October 6, 2014
Display campaigns can be a great source of leads, but they can also be a bit tricky to control. Websites on the Google Display Network can change something about the content of their site, or which ad formats they allow to show on their site, causing a change in traffic for your campaign. So you’re running a display campaign that’s bringing in a substantial amount of leads. What do you do when you start to see conversion volume drop off?
This particular campaign went from 200+ conversions a month to only 5 last month. Impression volume has substantially decreased over the months, which led to the decrease in clicks and conversions. The big questions here are what actually happened, and how do we fix it?
Step 1: Where are you losing volume?
Take a look at your ad groups segmented by week (or whatever time frame you’re working with) to see when and where you start to see a dip in impressions, clicks, or other metric of choice.
Here we see that the bulk of conversions were coming from Ad Group 2, and impressions dropped off starting around the week of 6/23.
Check where you’re losing volume. Is it conversions, clicks, or impressions? In this case we see a dip in impressions, which correlates to a huge decrease in clicks. The conversions completely disappear.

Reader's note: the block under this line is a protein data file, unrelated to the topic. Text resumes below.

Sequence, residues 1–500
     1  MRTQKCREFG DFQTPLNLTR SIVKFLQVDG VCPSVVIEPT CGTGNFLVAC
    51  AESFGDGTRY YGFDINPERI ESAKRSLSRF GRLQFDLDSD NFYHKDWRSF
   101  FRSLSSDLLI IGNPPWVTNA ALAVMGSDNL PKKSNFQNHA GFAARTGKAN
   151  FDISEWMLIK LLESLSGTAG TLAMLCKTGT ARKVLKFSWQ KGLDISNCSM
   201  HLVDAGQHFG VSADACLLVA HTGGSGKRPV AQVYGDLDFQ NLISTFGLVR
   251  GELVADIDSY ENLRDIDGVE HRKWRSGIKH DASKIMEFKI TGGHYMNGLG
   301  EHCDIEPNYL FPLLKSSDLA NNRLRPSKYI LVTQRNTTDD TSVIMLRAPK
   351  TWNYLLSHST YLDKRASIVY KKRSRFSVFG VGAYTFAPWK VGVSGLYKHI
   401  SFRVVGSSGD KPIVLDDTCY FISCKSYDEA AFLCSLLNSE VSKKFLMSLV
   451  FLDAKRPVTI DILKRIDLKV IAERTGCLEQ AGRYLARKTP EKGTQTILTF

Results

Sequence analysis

So, what’s going on in this ad group? Our next step is to dig down and look at the keywords and placements.
Huh, this seems strange. This keyword was clearly the driving force behind conversion volume. Let’s see what the placements look like.
AdWords allows us to drill even deeper into this placement, by seeing the specific pages on the site that your ads appear. This particular page on about.com has suddenly lost almost all of its impressions.
Step 2: Check your change history & Placement pages
At this point in our analysis we see where and when the change happened, but the ultimate question is still left unanswered: what caused this to happen?
Start by taking a look at your change history to see if it’s something that you (or someone else) changed in the campaign or ad group. In this particular instance, the account is using an automated bidding feature. This has been changing ad group level bids anywhere from 5 to 30 times per day. This campaign has always been utilizing automated bidding, so it’s hard to say one way or another if this has had a negative impact on performance.
In this situation, it could also be that something changed with the placement itself. Maybe they changed the content of the page. There’s an online tool that archives snapshots of websites and allows you to see what a site looked like at a particular point in time. I looked at a few of the placements, comparing April 2014 to today, and there was a pretty drastic difference in the layout of the site.
We can’t say with 100% certainty that the change in site layout caused impressions and overall traffic to dip, but the site change is a good indication that it’s possible. I checked a few of the other placements and the majority of them showed no big changes over this time frame.
For this account, we will test removing the bid automation, as well as adding new keywords to the ad group. Adding new keywords will allow us to find other relevant placements on the display network, as well as try to get our ads to show on this particular placement again.